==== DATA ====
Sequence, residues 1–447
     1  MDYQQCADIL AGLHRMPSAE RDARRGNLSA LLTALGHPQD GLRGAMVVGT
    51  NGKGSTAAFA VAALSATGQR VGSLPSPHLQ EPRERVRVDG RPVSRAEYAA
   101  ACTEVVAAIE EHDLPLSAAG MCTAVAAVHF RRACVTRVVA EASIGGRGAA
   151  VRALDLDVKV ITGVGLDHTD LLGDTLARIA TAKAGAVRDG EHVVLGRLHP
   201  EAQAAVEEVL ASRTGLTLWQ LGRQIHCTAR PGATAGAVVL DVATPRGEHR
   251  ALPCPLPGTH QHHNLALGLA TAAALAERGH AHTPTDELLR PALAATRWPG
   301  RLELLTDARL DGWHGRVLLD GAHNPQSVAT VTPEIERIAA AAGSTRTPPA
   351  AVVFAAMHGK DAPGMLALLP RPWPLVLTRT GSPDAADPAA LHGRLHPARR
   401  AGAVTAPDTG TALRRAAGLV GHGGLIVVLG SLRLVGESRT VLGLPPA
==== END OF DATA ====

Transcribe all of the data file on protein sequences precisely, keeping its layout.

Sequence, residues 1–447
     1  MDYQQCADIL AGLHRMPSAE RDARRGNLSA LLTALGHPQD GLRGAMVVGT
    51  NGKGSTAAFA VAALSATGQR VGSLPSPHLQ EPRERVRVDG RPVSRAEYAA
   101  ACTEVVAAIE EHDLPLSAAG MCTAVAAVHF RRACVTRVVA EASIGGRGAA
   151  VRALDLDVKV ITGVGLDHTD LLGDTLARIA TAKAGAVRDG EHVVLGRLHP
   201  EAQAAVEEVL ASRTGLTLWQ LGRQIHCTAR PGATAGAVVL DVATPRGEHR
   251  ALPCPLPGTH QHHNLALGLA TAAALAERGH AHTPTDELLR PALAATRWPG
   301  RLELLTDARL DGWHGRVLLD GAHNPQSVAT VTPEIERIAA AAGSTRTPPA
   351  AVVFAAMHGK DAPGMLALLP RPWPLVLTRT GSPDAADPAA LHGRLHPARR
   401  AGAVTAPDTG TALRRAAGLV GHGGLIVVLG SLRLVGESRT VLGLPPA